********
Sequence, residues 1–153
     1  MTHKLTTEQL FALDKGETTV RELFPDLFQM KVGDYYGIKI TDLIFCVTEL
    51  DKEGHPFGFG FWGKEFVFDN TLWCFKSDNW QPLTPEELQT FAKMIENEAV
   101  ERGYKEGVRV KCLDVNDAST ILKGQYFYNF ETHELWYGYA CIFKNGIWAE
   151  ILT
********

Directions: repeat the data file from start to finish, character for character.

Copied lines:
Sequence, residues 1–153
     1  MTHKLTTEQL FALDKGETTV RELFPDLFQM KVGDYYGIKI TDLIFCVTEL
    51  DKEGHPFGFG FWGKEFVFDN TLWCFKSDNW QPLTPEELQT FAKMIENEAV
   101  ERGYKEGVRV KCLDVNDAST ILKGQYFYNF ETHELWYGYA CIFKNGIWAE
   151  ILT